I know there are people who feel this way about London, New York, Paris. Doug and I feel this way about Staunton, Virginia. (HINT: It's pronounced STAN-ton not STAWN-ton.)
It all started on our honeymoon. Our work schedules were both very demanding at the time and we could only get away for the week so rather than spend half the time traveling, we went to Charlottesville, Virginia. Unfortunately, after four or five days, we ran out things to do and started looking at the guidebooks we brought to find some hidden gems in the surrounding countryside. Which is how we ended up at the Woodrow Wilson Presidential Library and Museum on our fifth day as a married couple. I never said we weren't nerds.
After viewing the 5,000 square foot Presbyterian Manse where Wilson's father was serving when he was born and the 1919 Pierce Arrow he rode around in while he was President and after, we decided to walk down the hill into downtown and grab some lunch.
This is when we started to wonder about Staunton's history. You see, the neighborhood above downtown is filled with gorgeous old Victorian homes built around the turn of the last century. Since the Shenandoah Valley now isn't much of an economic powerhouse, we wondered what had happened those many years before that made it so prosperous. After covering every angle between slave trading and vampire lords (don't ask: nerds), we decided to seek out a knowledgeable source. Luckily, we found one.
Ron Ramsey is a lifelong resident of Staunton and owns a small independent bookstore downtown called Bookworks. Not only does he carry several volumes of local history, he knows quite a bit himself, both about the area's history and about local attractions and events. I highly recommend stopping there first. Buy a copy of the local paper, the News Leader, pick up the latest issue of Garden & Gun and spend some time chatting about what's going on in town. There is also an official visitor's center downtown, but shh: we haven't found them as helpful as Ron.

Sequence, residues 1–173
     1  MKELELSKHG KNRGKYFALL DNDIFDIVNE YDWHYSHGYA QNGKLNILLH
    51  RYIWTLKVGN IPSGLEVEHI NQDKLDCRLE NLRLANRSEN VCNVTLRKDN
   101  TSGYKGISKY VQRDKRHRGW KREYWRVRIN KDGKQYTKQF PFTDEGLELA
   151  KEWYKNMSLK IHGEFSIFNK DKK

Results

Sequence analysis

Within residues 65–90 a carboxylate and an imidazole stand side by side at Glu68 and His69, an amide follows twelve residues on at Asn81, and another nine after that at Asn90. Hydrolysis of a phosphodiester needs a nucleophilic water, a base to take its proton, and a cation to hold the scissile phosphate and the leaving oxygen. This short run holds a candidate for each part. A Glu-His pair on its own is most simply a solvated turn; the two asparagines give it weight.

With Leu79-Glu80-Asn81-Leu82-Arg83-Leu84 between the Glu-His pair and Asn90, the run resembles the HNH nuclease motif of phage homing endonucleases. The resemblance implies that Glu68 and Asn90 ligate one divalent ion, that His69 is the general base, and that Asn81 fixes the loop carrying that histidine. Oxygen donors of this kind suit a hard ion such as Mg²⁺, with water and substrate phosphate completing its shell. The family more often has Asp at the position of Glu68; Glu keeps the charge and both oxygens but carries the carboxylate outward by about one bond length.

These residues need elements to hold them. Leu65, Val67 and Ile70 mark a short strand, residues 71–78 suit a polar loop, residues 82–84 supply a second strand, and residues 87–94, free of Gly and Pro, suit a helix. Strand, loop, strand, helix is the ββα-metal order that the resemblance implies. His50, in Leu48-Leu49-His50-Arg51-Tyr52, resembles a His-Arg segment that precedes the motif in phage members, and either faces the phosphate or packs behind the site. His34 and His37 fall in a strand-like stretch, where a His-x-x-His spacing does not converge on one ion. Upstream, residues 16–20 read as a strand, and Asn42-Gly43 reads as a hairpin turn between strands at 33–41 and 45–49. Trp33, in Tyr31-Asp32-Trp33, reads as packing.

It was at Bookworks where we learned about Sunspots Studios glassblowing demonstrations. We also learned that despite our guidebooks providing ample detail about the Statler Brothers Museum (no longer in operation) and Frontier Culture Museum, also in town, they did not provide even a whisper on the fact that Trinity Episcopal Church has twelve of those same Tiffany windows. That's Louis Comfort Tiffany. In a town of 25,000.
By the way, this seems like a good place to add that Staunton made all its money by an accident of geography. There are two natural passes through the Shenandoah Mountains: Staunton and Winchester. And if you want to get valley-grown food to Richmond, you don't want to go north to Winchester. First it was wagons and later the railway, but Staunton got where it was by virtue of building warehouses and acting as brokers to the majority of the farmers in the Shenandoah Valley. Not vampire lords, but still pretty interesting.
As for Trinity Episcopal Church, it's open to the public from 1 to 4 pm on weekdays and sometimes there's a volunteer tourguide hanging about. If not, there's a little booklet in front that tells about the windows. It's a lovely old church with a Taylor & Boody Mechanical Organ. If you want to hear the organ, they play it every Sunday and it's an Episcopalian congregation so they welcome everyone.
Right across the street from Trinity Church is another one of our favorite Staunton spots, George Bowers Grocery. Brian and Katie are transplants from New York, though if I recall correctly, Katie grew up in Staunton. This is a wonderful place to stop for lunch as Brian makes delicious sandwiches and burgers. Keep an eye out for locally made Route 11 Potato Chips and Bold Rock Cider. Bring a cooler and check out their selection of cheeses too. And get some beer and gourmet chocolate for later.